Lord Jim By Joseph Conrad Chapters 31-33

'He told me that he had never felt so small, so powerless — and as to courage, what was the good of it? he thought. He was so helpless that even flight seemed of no use; and though she kept on whispering, "Go to Doramin, go to Doramin," with feverish insistence, he realised that for him there was no refuge from that loneliness which centupled all his dangers except — in her. "I thought," he said to me, "that if I went away from her it would be the end of everything somehow." Only as they couldn't stop there for ever in the middle of that courtyard, he made up his mind to go and look into the storehouse. He let her follow him without thinking of any protest, as if they had been indissolubly united. "I am fearless — am I?" he muttered through his teeth. She restrained his arm. "Wait till you hear my voice," she said, and, torch in hand, ran lightly round the corner. He remained alone in the darkness, his face to the door: not a sound, not a breath came from the other side. The old hag let out a dreary groan somewhere behind his back. He heard a high-pitched almost screaming call from the girl. "Now! Push!" He pushed violently; the door swung with a creak and a clatter, disclosing to his intense astonishment the low dungeon-like interior illuminated by a lurid, wavering glare. A turmoil of smoke eddied down upon an empty wooden crate in the middle of the floor, a litter of rags and straw tried to soar, but only stirred feebly in the draught. She had thrust the light through the bars of the window. He saw her bare round arm extended and rigid, holding up the torch with the steadiness of an iron bracket. A conical ragged heap of old mats cumbered a distant corner almost to the ceiling, and that was all.

'He explained to me that he was bitterly disappointed at this. His fortitude had been tried by so many warnings, he had been for weeks surrounded by so many hints of danger, that he wanted the relief of some reality, of something tangible that he could meet. "It would have cleared the air for a couple of hours at least, if you know what I mean," he said to me. "Jove! I had been living for days with a stone on my chest." Now at last he had thought he would get hold of something, and — nothing! Not a trace, not a sign of anybody. He had raised his weapon as the door flew open, but now his arm fell. "Fire! Defend yourself," the girl outside cried in an agonising voice. She, being in the dark and with her arm thrust in to the shoulder through the small hole, couldn't see what was going on, and she dared not withdraw the torch now to run round. "There's nobody here!" yelled Jim contemptuously, but his impulse to burst into a resentful exasperated laugh died without a sound: he had perceived in the very act of turning away that he was exchanging glances with a pair of eyes in the heap of mats. He saw a shifting gleam of whites. "Come out!" he cried in a fury, a little doubtful, and a dark-faced head, a head without a body, shaped itself in the rubbish, a strangely detached head, that looked at him with a steady scowl. Next moment the whole mound stirred, and with a low grunt a man emerged swiftly, and bounded towards Jim. Behind him the mats as it were jumped and flew, his right arm was raised with a crooked elbow, and the dull blade of a kriss protruded from his fist held off, a little above his head. A cloth wound tight round his loins seemed dazzlingly white on his bronze skin; his naked body glistened as if wet.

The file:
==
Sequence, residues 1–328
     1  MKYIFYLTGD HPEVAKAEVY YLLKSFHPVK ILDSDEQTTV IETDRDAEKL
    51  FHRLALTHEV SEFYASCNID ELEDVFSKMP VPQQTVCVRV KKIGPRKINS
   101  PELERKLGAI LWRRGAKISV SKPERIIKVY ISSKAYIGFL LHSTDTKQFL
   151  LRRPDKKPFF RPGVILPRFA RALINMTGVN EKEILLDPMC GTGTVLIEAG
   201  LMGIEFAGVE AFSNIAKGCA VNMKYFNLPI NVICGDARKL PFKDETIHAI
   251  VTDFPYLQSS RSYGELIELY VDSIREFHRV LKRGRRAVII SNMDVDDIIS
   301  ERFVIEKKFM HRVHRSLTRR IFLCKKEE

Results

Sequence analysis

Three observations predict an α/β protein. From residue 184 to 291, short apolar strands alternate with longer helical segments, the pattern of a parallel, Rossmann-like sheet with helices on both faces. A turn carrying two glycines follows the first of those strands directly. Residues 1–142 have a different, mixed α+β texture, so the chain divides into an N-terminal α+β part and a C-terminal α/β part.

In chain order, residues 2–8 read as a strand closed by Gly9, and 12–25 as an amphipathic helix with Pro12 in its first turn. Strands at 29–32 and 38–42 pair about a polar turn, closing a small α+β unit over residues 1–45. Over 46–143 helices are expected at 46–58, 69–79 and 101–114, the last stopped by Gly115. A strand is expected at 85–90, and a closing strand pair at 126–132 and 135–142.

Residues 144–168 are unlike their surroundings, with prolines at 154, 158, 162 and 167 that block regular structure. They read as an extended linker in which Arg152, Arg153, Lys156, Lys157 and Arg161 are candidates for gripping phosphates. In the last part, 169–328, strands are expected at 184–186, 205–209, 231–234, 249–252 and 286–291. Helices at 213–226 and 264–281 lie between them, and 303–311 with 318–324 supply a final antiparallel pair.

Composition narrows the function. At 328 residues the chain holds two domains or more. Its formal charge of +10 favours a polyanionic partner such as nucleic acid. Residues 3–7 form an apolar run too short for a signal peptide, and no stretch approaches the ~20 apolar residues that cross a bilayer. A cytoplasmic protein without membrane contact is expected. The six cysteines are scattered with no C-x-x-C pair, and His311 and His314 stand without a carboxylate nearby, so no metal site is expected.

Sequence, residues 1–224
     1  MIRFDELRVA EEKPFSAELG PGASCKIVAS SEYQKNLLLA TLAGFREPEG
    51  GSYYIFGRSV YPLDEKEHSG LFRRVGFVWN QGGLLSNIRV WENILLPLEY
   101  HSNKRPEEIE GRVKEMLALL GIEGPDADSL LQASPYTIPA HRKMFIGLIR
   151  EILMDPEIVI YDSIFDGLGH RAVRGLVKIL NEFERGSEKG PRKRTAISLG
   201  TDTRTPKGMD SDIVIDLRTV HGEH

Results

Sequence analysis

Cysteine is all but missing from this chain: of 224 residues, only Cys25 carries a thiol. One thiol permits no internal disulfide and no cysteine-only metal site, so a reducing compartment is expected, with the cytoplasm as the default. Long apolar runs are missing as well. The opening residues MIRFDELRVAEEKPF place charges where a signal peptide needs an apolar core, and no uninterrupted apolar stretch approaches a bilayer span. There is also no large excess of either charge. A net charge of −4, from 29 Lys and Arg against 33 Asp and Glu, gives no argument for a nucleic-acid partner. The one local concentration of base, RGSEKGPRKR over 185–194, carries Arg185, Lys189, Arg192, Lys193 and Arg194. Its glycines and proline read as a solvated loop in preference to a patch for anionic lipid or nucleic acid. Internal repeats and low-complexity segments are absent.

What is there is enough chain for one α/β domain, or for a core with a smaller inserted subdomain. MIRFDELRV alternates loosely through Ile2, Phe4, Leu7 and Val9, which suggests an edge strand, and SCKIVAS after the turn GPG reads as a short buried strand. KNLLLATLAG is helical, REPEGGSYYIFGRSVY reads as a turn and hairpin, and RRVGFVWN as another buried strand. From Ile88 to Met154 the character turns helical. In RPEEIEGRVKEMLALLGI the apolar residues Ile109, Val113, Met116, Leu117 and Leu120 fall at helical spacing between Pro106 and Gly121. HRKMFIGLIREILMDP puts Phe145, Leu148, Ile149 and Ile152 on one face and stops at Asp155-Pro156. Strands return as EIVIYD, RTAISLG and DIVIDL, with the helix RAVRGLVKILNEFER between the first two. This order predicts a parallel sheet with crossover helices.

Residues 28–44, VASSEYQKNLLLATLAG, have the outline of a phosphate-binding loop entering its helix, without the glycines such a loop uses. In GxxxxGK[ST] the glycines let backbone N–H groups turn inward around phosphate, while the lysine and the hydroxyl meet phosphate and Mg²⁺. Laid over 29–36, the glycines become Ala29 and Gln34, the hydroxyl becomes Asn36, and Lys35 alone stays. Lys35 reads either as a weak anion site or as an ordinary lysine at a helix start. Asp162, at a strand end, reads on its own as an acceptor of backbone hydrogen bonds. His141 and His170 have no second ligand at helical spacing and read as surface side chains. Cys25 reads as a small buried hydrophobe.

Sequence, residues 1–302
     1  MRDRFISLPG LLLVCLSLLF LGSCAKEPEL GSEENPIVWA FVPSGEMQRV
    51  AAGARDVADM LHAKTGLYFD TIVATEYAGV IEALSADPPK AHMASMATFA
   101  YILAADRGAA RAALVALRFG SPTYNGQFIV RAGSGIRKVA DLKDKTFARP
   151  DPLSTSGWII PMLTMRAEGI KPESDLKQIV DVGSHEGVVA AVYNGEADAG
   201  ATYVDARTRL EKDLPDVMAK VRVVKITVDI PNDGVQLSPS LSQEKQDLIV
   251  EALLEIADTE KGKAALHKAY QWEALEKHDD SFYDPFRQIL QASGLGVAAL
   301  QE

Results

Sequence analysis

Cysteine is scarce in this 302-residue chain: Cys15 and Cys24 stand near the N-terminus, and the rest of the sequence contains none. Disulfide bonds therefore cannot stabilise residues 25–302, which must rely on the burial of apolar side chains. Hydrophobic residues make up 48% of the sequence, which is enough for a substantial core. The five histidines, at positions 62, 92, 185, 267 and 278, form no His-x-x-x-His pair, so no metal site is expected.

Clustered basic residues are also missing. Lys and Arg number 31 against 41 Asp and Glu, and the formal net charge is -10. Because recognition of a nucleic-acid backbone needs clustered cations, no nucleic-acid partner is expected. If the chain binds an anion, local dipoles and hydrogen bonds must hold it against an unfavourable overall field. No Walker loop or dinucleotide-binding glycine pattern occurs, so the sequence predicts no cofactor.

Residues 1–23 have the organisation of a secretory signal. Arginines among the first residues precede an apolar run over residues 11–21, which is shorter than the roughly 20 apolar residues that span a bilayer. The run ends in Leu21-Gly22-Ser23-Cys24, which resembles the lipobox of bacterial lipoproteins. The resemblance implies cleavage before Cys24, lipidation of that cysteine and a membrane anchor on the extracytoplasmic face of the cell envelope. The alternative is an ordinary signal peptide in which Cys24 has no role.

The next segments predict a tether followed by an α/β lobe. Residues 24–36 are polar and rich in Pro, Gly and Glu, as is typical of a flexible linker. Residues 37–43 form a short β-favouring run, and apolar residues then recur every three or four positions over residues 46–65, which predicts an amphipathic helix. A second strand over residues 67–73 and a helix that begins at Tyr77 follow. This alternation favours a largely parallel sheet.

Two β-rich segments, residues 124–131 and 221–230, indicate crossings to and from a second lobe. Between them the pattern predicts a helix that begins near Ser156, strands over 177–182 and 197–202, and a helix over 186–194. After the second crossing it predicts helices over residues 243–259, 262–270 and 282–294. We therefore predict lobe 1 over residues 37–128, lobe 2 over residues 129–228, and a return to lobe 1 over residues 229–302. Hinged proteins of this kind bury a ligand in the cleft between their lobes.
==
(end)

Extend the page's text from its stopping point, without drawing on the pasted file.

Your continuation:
'Jim noted all this. He told me he was experiencing a feeling of unutterable relief, of vengeful elation. He held his shot, he says, deliberately. He held it for the tenth part of a second, for three strides of the man — an unconscionable time. He held it for the pleasure of saying to himself, That's a dead man! He was absolutely positive and certain. He let him come on because it did not matter. A dead man, anyhow. He noticed the dilated nostrils, the wide eyes, the intent, eager stillness of the face, and then he fired.

'The explosion in that confined space was stunning. He stepped back a pace. He saw the man jerk his head up, fling his arms forward, and drop the kriss. He ascertained afterwards that he had shot him through the mouth, a little upwards, the bullet coming out high at the back of the skull. With the impetus of his rush the man drove straight on, his face suddenly gaping disfigured, with his hands open before him gropingly, as though blinded, and landed with terrific violence on his forehead, just short of Jim's bare toes. Jim says he didn't lose the smallest detail of all this. He found himself calm, appeased, without rancour, without uneasiness, as if the death of that man had atoned for everything. The place was getting very full of sooty smoke from the torch, in which the unswaying flame burned blood-red without a flicker. He walked in resolutely, striding over the dead body, and covered with his revolver another naked figure outlined vaguely at the other end. As he was about to pull the trigger, the man threw away with force a short heavy spear, and squatted submissively on his hams, his back to the wall and his clasped hands between his legs. "You want your life?" Jim said. The other made no sound. "How many more of you?" asked Jim again. "Two more, Tuan," said the man very softly, looking with big fascinated eyes into the muzzle of the revolver. Accordingly two more crawled from under the mats, holding out ostentatiously their empty hands.'

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At Jim's trial, someone said, "Look at that wretched cur." Who did Jim think said it?